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I know this is a duplicate question. However, I haven't seen anything that invokes the isomorphism theorem. Here's my idea:

By the isomorphism theorem we have that $M/\ker\varphi \cong \operatorname{im}\varphi = M$ (as $\varphi$ is surjective). Does this imply $\ker\varphi = (0)$?

While typing this I'm beginning suspect the implication does not follow. Can anyone explain why or why not?

Thank you! :)

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    $\begingroup$ No. Don't confuse isomorphism with equality! $\endgroup$ – darij grinberg Feb 27 '14 at 4:17
  • $\begingroup$ Of course, only structure is preserved, correct? $\endgroup$ – Zermie Feb 27 '14 at 4:24
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    $\begingroup$ Yes, but you cannot get an equality $I = J$ (or even an isomorphism $I \cong J$) from an isomorphism of quotients $M/I \cong M/J$. $\endgroup$ – darij grinberg Feb 27 '14 at 4:26
  • $\begingroup$ When $R = \mathbf Z$ this is a question about abelian groups. Consider the $n$th power mapping from $\mathbf C^\times$ to itself when $n > 1$. This is surjective with kernel the $n$th roots of unity $\mu_n$. Thus $\mathbf C^\times/\mu_n \cong \mathbf C^\times$. Does that mean $\mu_n$ is trivial? $\endgroup$ – KCd Feb 27 '14 at 4:28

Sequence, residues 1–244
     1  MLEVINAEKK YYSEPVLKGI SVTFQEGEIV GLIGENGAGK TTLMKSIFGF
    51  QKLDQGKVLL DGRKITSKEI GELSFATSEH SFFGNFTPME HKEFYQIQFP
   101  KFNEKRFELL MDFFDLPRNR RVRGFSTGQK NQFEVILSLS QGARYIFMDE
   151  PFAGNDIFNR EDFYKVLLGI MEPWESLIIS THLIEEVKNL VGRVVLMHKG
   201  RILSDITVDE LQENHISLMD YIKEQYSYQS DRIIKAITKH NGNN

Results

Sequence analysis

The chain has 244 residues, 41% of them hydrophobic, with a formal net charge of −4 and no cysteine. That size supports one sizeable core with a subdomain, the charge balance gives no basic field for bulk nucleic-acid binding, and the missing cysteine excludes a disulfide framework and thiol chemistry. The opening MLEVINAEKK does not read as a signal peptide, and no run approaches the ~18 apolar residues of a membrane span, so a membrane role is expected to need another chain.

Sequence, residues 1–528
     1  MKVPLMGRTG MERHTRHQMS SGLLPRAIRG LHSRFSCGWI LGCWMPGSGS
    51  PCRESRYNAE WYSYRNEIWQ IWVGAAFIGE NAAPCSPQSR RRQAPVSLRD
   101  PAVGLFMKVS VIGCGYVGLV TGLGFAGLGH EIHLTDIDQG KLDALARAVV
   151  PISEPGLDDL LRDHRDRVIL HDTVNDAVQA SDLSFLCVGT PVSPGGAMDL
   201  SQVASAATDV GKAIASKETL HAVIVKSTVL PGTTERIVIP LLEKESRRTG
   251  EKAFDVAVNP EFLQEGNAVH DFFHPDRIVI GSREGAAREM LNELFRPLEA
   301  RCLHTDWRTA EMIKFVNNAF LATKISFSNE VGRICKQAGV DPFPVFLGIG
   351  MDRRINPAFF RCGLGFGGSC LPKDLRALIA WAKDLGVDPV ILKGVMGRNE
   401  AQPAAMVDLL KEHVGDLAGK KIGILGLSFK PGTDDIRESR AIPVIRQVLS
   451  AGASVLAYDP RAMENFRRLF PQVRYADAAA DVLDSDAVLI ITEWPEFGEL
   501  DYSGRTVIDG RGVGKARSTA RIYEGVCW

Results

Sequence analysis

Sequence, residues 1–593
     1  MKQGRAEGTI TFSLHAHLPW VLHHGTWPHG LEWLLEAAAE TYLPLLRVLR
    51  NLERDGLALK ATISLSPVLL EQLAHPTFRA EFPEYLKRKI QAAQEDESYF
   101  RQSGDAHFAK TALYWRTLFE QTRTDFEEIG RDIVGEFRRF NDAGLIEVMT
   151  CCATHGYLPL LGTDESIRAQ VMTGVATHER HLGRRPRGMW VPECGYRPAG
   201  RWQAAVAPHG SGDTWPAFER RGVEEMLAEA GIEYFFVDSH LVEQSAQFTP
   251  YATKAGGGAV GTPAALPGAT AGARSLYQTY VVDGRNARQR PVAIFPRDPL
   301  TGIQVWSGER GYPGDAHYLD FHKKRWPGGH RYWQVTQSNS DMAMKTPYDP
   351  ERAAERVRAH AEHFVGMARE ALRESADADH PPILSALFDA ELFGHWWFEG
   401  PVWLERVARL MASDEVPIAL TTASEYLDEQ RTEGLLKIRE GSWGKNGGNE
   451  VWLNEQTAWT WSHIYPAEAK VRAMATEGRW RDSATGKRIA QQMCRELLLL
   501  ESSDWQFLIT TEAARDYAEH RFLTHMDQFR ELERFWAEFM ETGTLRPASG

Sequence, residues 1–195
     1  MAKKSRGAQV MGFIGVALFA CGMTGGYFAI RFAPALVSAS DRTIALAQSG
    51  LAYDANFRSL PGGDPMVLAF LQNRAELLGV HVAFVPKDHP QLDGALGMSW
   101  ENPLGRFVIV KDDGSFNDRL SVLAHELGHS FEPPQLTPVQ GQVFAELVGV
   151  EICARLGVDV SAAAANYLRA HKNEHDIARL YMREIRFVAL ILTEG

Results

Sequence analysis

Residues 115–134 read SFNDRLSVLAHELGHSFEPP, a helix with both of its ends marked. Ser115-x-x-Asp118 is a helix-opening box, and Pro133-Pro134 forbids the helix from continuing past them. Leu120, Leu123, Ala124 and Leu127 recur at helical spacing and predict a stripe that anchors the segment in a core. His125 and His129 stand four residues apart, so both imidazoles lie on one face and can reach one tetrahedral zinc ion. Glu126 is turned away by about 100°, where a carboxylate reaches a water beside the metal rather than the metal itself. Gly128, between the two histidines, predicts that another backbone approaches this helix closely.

• $\begingroup$ I see. According to Zev's answer my proposition is not true. The only reason I even asked this was from an answer here (the second answer). Is it true only for commutative rings then? $\endgroup$ – Zermie Feb 27 '14 at 4:31
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Let $R=\mathbb{Z}$, and consider the $\mathbb{Z}$-module $M=\prod_{i=1}^\infty\mathbb{Z}$ (the direct product of infinitely many copies of $\mathbb{Z}$). Let $\varphi:M\to M$ be the left-shift homomorphism,defined by $$\varphi(a_1,a_2,a_3,\ldots)=(a_2,a_3,a_4,\ldots)$$ Then $\varphi$ is surjective (given any element $a=(a_1,a_2,\ldots)\in M$, we have $\varphi(0,a_1,a_2,\ldots)=a$) but not injective (we have $\varphi(n,0,0,\ldots)=(0,0,0,\ldots)$ for any $n\in\mathbb{Z}$).

However, if $M$ is noetherian $R$-module, we can conclude that $\varphi$ is injective. See my answer here and this thread for more information.

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  • $\begingroup$ So then for the initial proposition to hold we must require the R-module M to be Noetherian? $\endgroup$ – Zermie Feb 27 '14 at 4:21

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